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United States Department of Agriculture

Agricultural Research Service

Comparison of 2005 and 2006 Phakopsora pachyrhizi spore rain trap data
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This data was presented as a poster at the 2006 Asian Soybean Rust Symposium in St. Louis, Missouri,November 29 through December 1, 2006


C.W. Barnes1, 2, L.J. Szabo1, 2, V.C. Bowersox3, K.S. Harlin3

1CDL, USDA-ARS, St. Paul, MN; 2University of Minnesota, St. Paul, MN; 3NADP, Illinois State Water Survey, Champaign, IL.



Our goal has been to monitor the movement of P. pachyrhizi spores in rain, in the eastern half of the US, using a real-time PCR assay and the National Atmospheric Deposition Program rain collectors. 




1. Collect and filter rain


 Fig. A. Clockwise from upper left, the 110 NADP sites used in this study, an NADP collector, and the filtering of samples collected weekly.


2. Removal of spores from filters by sonication


3. DNA extraction - The OmniPrep™ extraction kit was used


4. Nested real-time PCR assay


Fig. B. Schematic of the real-time PCR assay.  Arrows represent primers and the bar represents the TaqMan probe.  Primers used were a general fungal primer (F), rust specific primers (R), and the P. pachyrhizi specific primer (Pp) developed by Frederick et al., 2002.  The TaqMan probe (Pp) is also specific for P. pachyrhizi.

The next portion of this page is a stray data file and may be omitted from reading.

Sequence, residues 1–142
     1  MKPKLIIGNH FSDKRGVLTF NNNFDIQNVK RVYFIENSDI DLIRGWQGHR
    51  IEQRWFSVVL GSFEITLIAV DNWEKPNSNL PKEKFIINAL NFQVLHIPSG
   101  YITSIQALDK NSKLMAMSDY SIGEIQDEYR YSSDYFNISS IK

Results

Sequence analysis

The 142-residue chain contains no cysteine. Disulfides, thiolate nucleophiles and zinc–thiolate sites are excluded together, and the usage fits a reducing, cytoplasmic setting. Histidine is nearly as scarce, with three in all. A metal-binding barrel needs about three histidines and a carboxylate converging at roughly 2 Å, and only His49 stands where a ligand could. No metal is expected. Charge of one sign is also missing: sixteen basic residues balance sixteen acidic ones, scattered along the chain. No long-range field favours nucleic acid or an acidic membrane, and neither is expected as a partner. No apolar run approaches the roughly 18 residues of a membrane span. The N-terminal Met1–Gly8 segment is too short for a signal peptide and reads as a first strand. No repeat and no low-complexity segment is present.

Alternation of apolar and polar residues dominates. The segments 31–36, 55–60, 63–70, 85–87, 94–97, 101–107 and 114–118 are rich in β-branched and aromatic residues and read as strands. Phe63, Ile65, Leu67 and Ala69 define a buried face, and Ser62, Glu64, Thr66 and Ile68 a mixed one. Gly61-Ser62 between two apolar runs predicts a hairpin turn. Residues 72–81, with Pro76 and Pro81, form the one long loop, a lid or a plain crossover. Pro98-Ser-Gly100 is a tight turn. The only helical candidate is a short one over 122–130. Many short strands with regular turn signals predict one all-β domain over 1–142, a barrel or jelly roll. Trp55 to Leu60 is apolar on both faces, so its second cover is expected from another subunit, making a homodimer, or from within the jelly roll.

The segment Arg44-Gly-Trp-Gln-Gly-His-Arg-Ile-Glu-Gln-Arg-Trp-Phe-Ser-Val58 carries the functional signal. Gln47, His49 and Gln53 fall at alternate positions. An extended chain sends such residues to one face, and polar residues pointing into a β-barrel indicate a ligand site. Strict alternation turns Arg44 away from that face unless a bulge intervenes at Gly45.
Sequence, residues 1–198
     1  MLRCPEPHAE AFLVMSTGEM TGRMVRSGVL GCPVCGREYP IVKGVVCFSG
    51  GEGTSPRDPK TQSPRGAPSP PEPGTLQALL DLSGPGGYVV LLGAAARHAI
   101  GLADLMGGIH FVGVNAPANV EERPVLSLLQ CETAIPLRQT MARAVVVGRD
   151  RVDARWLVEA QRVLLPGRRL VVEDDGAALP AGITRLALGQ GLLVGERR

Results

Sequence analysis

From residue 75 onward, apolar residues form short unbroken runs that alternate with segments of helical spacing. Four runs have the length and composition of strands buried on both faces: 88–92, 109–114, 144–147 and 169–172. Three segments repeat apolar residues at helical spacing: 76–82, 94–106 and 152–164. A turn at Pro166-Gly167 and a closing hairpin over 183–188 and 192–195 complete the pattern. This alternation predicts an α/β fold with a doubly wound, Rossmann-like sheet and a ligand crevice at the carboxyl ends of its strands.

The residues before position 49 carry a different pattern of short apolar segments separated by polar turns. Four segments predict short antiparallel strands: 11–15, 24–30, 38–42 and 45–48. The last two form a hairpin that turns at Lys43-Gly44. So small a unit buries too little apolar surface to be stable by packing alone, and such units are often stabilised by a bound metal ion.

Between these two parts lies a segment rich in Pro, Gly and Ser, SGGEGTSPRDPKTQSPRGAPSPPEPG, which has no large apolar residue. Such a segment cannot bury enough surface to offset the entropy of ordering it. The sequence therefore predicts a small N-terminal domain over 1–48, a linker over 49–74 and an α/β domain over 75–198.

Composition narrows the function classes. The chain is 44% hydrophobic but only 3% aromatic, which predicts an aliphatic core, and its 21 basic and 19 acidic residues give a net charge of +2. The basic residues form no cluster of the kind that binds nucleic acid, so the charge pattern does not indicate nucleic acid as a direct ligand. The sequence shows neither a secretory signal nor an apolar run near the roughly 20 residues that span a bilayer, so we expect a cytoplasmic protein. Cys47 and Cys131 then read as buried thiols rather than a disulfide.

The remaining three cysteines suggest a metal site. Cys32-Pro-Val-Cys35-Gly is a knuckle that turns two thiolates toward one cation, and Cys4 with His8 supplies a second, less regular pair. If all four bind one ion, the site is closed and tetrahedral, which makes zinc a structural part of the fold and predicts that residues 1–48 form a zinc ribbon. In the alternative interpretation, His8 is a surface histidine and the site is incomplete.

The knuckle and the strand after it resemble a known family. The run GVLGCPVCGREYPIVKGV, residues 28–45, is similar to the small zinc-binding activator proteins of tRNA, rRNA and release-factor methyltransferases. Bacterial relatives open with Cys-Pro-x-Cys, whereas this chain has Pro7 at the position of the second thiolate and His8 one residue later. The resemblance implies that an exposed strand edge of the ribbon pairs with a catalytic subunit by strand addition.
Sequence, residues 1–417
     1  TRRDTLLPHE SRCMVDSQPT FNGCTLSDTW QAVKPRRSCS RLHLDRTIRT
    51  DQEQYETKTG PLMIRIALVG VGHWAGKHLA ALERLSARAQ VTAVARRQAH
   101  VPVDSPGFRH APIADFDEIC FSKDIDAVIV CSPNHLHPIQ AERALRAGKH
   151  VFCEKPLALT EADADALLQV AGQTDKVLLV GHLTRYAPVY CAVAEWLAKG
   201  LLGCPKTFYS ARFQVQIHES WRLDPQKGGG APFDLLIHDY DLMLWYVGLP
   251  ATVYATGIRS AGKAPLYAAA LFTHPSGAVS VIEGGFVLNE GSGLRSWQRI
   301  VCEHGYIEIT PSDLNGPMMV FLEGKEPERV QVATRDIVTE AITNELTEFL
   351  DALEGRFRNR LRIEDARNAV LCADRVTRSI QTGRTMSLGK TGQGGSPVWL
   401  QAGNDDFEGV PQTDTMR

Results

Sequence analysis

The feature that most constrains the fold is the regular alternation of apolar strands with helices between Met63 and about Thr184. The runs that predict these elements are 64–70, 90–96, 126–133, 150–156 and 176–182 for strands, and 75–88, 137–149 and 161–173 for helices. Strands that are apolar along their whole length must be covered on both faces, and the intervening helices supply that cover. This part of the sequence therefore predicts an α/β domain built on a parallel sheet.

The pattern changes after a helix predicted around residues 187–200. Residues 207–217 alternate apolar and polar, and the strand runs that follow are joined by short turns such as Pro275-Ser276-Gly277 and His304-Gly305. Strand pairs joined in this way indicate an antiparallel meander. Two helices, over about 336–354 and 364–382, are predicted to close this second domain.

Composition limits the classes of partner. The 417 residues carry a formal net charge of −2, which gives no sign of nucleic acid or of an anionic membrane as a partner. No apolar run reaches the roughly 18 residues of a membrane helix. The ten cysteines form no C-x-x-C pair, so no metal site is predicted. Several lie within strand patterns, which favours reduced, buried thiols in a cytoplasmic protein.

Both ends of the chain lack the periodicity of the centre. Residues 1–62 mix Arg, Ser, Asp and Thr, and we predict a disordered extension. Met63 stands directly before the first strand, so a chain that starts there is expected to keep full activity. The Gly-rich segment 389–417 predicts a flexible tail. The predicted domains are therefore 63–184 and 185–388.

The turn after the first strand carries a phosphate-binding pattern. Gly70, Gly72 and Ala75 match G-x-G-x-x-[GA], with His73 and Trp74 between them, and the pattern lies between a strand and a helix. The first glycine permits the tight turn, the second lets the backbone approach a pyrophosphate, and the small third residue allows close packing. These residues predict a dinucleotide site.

5. Scoring real-time PCR positives

  1. Filters were exposed to wet deposition for 1 week.
  2. Filters testing positive for P. pachyrhizi by the qPCR assay were scored as 1 (Ct > 30) 2 (Ct = 25-29) 3 (Ct = 20-24) 4 (Ct < 20).


Fig. C. Schematic of scoring scale used in this study.  Scores are relative to an internal positive control.


6. Sequence a subset of amplicons





Contour maps showing numbers of NADP sites testing positive for P. pachyrhizi using the nest real-time PCR assay for 2006


 Number of positives








Contour maps showing numbers of NADP sites testing positive for P. pachyrhizi using the nest real-time PCR assay for 2005


Number of positives









Fig. D. Weekly changes in positive rain samples is shown in the bar graph.




 Geographical distribution of moderate to high relative scores (>2) in 2006


 Number of positives





Fig. E.  Temporal distribution of all relative scores in 2006. 





Fig. F. Distribution of amplicon genotypes of the ITS1 rDNA sequence of P. pachyrhizi found in rain collected May 9 - August 29, 2006.  Both polymorphisms are found near the 3’ end of ITS1, with the first letter designating a single nucleotide polymorphism 5 bases before the TA repeat. 




  • Positives were found in every state except North Dakota in 2006.
  • Roughly 3 times as many samples tested positive for P. pachyrhizi in 2006 (270, 17%) compared to 2005 (84, 5%).
  • Bimodal temporal pattern in spore deposition was similar in 2005 and 2006.
  • Frequency of detection and spore load increased in Aug. 2006.
  • Distribution of genotypes from rain samples suggests spores are transported long distances (over states) and that Region 2 may be at a crossroads for spore movement.




Funding was provided by the USDA-ARS and the United Soybean Board. We’d also like to thank Jacquie Koch, John Butler, Yibai Li, Brenda Riney (pictured), and John Rosnow for their technical assistance.


Last Modified: 12/11/2006